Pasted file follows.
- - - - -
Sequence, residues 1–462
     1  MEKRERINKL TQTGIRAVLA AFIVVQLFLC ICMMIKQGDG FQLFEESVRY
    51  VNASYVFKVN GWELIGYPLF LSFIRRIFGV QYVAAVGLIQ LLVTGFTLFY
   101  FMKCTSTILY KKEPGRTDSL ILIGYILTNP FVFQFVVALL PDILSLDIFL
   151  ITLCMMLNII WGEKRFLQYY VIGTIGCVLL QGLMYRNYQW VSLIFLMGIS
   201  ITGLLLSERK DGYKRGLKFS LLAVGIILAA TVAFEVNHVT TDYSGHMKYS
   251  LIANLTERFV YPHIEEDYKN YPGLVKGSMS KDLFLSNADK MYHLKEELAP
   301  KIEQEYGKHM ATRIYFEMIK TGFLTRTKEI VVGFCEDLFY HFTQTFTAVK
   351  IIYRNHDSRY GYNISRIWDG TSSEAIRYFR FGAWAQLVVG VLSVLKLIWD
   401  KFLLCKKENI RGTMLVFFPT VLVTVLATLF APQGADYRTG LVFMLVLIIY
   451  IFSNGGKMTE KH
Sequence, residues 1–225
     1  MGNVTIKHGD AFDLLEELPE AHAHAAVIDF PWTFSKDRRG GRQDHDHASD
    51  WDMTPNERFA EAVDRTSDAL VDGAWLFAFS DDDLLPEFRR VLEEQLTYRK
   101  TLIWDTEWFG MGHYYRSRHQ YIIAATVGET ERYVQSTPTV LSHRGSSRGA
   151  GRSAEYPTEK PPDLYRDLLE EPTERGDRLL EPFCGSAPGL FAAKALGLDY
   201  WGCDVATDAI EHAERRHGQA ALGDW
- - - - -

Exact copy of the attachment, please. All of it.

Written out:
Sequence, residues 1–462
     1  MEKRERINKL TQTGIRAVLA AFIVVQLFLC ICMMIKQGDG FQLFEESVRY
    51  VNASYVFKVN GWELIGYPLF LSFIRRIFGV QYVAAVGLIQ LLVTGFTLFY
   101  FMKCTSTILY KKEPGRTDSL ILIGYILTNP FVFQFVVALL PDILSLDIFL
   151  ITLCMMLNII WGEKRFLQYY VIGTIGCVLL QGLMYRNYQW VSLIFLMGIS
   201  ITGLLLSERK DGYKRGLKFS LLAVGIILAA TVAFEVNHVT TDYSGHMKYS
   251  LIANLTERFV YPHIEEDYKN YPGLVKGSMS KDLFLSNADK MYHLKEELAP
   301  KIEQEYGKHM ATRIYFEMIK TGFLTRTKEI VVGFCEDLFY HFTQTFTAVK
   351  IIYRNHDSRY GYNISRIWDG TSSEAIRYFR FGAWAQLVVG VLSVLKLIWD
   401  KFLLCKKENI RGTMLVFFPT VLVTVLATLF APQGADYRTG LVFMLVLIIY
   451  IFSNGGKMTE KH
Sequence, residues 1–225
     1  MGNVTIKHGD AFDLLEELPE AHAHAAVIDF PWTFSKDRRG GRQDHDHASD
    51  WDMTPNERFA EAVDRTSDAL VDGAWLFAFS DDDLLPEFRR VLEEQLTYRK
   101  TLIWDTEWFG MGHYYRSRHQ YIIAATVGET ERYVQSTPTV LSHRGSSRGA
   151  GRSAEYPTEK PPDLYRDLLE EPTERGDRLL EPFCGSAPGL FAAKALGLDY
   201  WGCDVATDAI EHAERRHGQA ALGDW